ShareShareSharePrintMailGooglePinterestDiggRedditStumbleuponDeliciousBufferTumblr The traditional definition of a recession is two consecutive quarters of negative GDP growth but the worldwide shock of the Coronavirus has forced that model to stand on its head.According to economist Elliot Eisenberg, president of Graphs and Laughs, LLC, and wildly popular presenter at CU Direct’s annual conference over the last few years, the shelter in place edicts issued by many government bodies have plunged the U.S. economy directly into a recession.“Household consumption has fallen off a cliff, he said during a recent webinar presented by Origence (a CU Direct brand). A hurricane stops all production and consumption, but it only lasts a few days. This goes on and on for weeks.”Reason for OptimismWith that said, Dr. Eisenberg pointed to two pieces of relatively good news. First, based on the experience of China and South Korea two countries that were hit hard in the early days of the outbreak, Coronavirus seems to take about 40 days to run its course. continue reading »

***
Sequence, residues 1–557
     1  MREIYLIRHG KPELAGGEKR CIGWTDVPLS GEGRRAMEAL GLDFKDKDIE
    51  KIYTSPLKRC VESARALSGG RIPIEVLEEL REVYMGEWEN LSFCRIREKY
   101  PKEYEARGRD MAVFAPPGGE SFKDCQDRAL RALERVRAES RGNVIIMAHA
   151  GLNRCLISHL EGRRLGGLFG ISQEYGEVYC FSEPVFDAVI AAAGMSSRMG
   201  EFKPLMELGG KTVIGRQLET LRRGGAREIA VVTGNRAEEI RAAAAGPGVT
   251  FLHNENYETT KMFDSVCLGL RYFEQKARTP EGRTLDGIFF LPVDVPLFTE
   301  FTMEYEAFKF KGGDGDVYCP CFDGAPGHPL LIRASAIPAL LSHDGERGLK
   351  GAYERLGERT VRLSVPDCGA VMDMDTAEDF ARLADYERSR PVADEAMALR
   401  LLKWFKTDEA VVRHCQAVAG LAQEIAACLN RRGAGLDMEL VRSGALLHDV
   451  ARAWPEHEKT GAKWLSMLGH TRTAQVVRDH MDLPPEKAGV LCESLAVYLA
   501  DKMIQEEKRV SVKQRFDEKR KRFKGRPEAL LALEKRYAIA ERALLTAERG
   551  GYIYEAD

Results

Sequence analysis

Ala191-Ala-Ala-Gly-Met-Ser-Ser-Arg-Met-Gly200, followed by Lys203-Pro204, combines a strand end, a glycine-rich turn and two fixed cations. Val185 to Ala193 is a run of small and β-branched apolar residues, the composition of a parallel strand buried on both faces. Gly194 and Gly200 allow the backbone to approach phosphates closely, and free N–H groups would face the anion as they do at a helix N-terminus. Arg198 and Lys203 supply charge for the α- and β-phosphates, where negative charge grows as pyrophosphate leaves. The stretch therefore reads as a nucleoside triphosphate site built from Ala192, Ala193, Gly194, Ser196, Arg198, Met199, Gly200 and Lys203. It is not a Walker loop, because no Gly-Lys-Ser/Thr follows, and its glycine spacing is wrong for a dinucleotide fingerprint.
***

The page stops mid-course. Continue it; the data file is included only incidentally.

228 Views 4 comments Sharing is caring! EducationLocalNewsPrimary Wesley Primary School student wins national reading competition by: – July 4, 2012 Tweet Share Share Share Winner of the competition; Aidan Bruney of the Wesley Primary SchoolAidan Bruney of the Wesley Primary School has copped the 2012 Dominica Broadcasting Cooperation (DBS Radio)/Ministry of Education National reading competition sponsored by Courts Dominica.Ten students participated in the final leg of the competition at the Arawak House of Culture on Wednesday.Each finalist read two pieces in two categories; narrative and news segments.Bruney also copped the prizes for “best reader” in both categories.She was followed by 1st runner up Aidicia Burton of the Salybia Primary School, 2nd runner up Rashad Valentine of the Convent Preparatory School and Zende Charles of the Roseau Primary School in 3rd runner up position.1s runner up; Aidicia Burton of the Salybia Primary SchoolThe other students who participated were; Elliot John of the Salisbury Primary School, Gabrielle Robinson of the Pioneer Preparatory School, Kelsey Leblanc of the St. Martin’s Primary School, Michaela Warrington of the Seventh Day Adventist Primary School, Naomi Francis of the Christian Union Primary School and Claire-Ann Telemaque of the Lighthouse Christian Academy.Bruney will also receive a computer from Courts Dominica and financial rewards among other prizes.The competition was judged by a two woman, three man panel including former education minister Sonia Williams and head of the University of the West Indies open campus Dominica Francis Severin. Bruney will represent Dominica later this year in the regional leg of the competition.2nd runner up; Rashad Valentine of the Convent Prep.Dominica’s Shaniah Edwards, student of the Massacre Primary School also won the regional competition last year.Meantime, Diane Telemaque Williams of Wesley walked away with a trophy and $150.00 after capturing the prize of “best reader” in the “over forty mini reading competition”.Beverly Leblanc of Penville placed 1st, Robert John of Salisbury, 2nd followed by Mary Toussaint of Vieille Case.The audience did the judging in that segment of the show.Dominica Vibes News